More and more often, health care data is stolen or made inaccessible by targeted ransomware attacks. The Office for Civil Rights (OCR) published a newsletter this week that provides warnings for HIPAA covered entities and business associates. It also provides practical tips to prevent and help you survive these attacks.
OCR’s warnings should resonate with covered entities and business associates alike:
- You are a ransomware target.
“Cybercriminals … found that customizing their attacks to specific, “quality” targets led to an increase in the amount of ransom payments. Organizations commonly targeted by this type of attack have sensitive data, high data availability requirements, low tolerance for system downtime, and the resources to pay a ransom. Many healthcare organizations fit this profile, and have become targets.”
- Cybercriminals may already be lurking in your information system, waiting to attack.
“Prior to initiating an attack, a malicious actor usually gains unauthorized access to a victim’s information system for the purpose of performing reconnaissance to identify critical services, find sensitive data, and locate backup. After this is done, the ransomware is deployed in a manner that produces maximum effect, infecting as many devices and as much data as possible and encrypting backup files so that recovery is difficult, if not impossible.”
- Cybercriminals often gain access by tricking your employees and authorized system users.
“Information system users remain one of the weakest links in an organization’s security posture. Social engineering, including phishing attacks, is one of the most successful techniques used by threat actors to compromise system security.”
The newsletter then offers specific and practical tips as to how taking HIPAA Security Rule compliance seriously can help you avoid and/or quickly recover from targeted ransomware attacks. Here’s a summary of five key tips that should be at the top of your organization’s ransomware-prevention list:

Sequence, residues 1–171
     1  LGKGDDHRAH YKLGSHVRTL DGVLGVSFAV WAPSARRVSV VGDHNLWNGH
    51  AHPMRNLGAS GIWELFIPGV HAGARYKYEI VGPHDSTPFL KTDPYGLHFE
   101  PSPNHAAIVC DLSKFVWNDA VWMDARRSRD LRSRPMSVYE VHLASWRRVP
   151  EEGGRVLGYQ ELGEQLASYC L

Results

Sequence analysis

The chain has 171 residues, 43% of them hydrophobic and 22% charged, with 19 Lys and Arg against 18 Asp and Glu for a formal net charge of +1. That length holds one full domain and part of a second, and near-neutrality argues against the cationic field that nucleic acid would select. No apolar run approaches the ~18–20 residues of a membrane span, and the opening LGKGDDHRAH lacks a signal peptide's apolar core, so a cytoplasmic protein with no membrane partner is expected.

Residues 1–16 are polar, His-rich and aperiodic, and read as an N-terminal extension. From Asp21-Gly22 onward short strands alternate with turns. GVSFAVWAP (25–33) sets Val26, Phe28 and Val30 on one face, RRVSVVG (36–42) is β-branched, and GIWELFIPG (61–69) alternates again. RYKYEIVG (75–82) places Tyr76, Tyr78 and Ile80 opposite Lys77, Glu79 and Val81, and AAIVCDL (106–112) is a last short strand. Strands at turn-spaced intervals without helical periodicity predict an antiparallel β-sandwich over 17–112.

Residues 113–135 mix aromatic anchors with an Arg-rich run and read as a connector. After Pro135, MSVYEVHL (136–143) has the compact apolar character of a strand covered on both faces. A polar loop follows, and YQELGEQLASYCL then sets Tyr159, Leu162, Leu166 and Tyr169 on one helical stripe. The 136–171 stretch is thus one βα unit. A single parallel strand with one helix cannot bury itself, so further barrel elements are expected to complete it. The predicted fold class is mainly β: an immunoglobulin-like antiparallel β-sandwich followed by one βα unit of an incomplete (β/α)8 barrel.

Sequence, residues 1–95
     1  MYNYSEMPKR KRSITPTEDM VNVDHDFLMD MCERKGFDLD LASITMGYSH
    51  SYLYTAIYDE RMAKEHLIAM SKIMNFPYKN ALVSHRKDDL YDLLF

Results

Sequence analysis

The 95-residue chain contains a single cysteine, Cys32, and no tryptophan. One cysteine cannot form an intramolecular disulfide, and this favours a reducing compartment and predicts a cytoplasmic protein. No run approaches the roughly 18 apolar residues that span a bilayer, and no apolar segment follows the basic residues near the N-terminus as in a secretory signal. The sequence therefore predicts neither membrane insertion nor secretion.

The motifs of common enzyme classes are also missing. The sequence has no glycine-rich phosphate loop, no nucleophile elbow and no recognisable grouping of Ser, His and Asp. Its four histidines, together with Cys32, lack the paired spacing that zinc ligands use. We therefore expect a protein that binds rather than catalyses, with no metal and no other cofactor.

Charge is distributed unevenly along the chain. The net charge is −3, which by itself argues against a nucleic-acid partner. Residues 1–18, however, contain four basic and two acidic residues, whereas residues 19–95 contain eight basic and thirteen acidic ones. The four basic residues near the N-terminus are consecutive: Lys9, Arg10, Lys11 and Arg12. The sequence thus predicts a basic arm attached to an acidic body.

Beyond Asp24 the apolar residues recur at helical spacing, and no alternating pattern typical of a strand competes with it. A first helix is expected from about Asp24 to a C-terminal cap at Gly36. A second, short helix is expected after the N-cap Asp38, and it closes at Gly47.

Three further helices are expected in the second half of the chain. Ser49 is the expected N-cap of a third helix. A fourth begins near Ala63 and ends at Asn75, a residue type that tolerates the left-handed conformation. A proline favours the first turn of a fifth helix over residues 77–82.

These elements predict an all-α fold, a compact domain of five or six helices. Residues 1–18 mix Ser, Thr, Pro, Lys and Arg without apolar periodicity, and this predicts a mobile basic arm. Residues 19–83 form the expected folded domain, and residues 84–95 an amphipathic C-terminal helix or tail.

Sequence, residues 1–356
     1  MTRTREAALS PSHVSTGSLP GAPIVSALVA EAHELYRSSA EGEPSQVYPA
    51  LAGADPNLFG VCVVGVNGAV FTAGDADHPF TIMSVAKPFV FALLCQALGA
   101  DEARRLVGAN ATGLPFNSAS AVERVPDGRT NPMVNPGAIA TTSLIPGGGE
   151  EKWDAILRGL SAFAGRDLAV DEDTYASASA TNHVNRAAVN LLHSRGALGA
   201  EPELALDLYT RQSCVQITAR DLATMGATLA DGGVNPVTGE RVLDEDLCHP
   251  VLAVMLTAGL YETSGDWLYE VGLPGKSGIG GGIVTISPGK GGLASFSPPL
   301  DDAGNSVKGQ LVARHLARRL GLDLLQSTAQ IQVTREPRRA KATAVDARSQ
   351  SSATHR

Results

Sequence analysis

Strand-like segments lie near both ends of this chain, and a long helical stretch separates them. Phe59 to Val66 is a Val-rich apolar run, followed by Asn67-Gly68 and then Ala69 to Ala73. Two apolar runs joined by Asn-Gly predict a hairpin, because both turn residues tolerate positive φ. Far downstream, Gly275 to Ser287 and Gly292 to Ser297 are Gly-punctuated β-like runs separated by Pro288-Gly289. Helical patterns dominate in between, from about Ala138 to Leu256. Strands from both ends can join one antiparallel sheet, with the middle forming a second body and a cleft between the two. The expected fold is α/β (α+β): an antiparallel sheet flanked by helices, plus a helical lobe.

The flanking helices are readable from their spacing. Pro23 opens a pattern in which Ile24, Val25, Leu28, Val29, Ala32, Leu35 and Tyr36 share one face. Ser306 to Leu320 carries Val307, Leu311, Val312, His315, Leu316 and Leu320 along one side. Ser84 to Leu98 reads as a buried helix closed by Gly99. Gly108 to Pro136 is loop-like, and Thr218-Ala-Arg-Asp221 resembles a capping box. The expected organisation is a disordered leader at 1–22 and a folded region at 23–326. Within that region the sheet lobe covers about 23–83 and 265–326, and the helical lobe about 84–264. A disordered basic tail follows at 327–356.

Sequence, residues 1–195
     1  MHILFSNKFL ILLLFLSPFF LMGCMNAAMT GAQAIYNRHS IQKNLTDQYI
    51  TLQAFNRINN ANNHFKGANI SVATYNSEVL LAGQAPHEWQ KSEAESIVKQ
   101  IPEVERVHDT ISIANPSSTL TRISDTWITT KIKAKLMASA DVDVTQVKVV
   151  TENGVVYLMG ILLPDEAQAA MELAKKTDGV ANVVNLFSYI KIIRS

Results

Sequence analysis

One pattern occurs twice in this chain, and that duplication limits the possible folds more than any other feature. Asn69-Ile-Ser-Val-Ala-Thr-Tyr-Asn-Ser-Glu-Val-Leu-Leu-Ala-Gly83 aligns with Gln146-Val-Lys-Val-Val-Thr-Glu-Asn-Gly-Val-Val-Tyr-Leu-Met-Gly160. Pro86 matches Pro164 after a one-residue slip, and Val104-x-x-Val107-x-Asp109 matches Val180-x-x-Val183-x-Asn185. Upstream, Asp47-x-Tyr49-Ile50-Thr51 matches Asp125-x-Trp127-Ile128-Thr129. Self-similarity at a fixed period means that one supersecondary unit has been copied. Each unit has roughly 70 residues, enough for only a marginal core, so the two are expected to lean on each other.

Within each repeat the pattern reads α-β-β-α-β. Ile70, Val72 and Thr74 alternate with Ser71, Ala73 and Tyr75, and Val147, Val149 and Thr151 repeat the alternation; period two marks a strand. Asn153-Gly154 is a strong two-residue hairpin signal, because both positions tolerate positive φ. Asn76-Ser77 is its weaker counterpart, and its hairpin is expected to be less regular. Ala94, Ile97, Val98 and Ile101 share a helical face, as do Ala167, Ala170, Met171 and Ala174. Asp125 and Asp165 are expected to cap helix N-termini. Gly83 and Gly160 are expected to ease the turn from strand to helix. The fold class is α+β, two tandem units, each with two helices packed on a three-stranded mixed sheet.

- Train employees to avoid and report phishing scams.
“A training program should make users aware of the potential threats they face and inform them on how to properly respond to them. This is especially true for phishing emails that solicit login credentials. Additionally, user training on how to report potential security incidents can greatly assist in an organization’s response process by expediting escalation and notification to proper individuals.”
- Review and test security incident response procedures.
“Quick isolation and removal of infected devices from the network and deployment of anti-malware tools can help to stop the spread of ransomware and to reduce the harmful effects of such ransomware. Response procedures should be written with sufficient details and be disseminated to proper workforce members so that they can be implemented and executed effectively. Further, organizations may consider testing their security incident procedures from time to time to ensure they remain effective.”
- Maintain recoverable, secure, and up-to-data backups of all electronic protected health information.
“Organizations should keep in mind that threat actors have recently been actively targeting backup systems and backup data to prevent recovery.”
- Regularly check and strengthen access controls.
“[This measure will] stop or impede an attacker’s movements and access to sensitive data; e.g., by segmenting networks to limit unauthorized access and communications. Further, because attacks frequently seek elevated privileges (e.g., administrator access), entities may consider solutions that limit the scope of administrator access, as well as solutions requiring stronger authentication mechanisms when granting elevated privileges or access to administrator accounts.”
- Regularly install software updates and patches.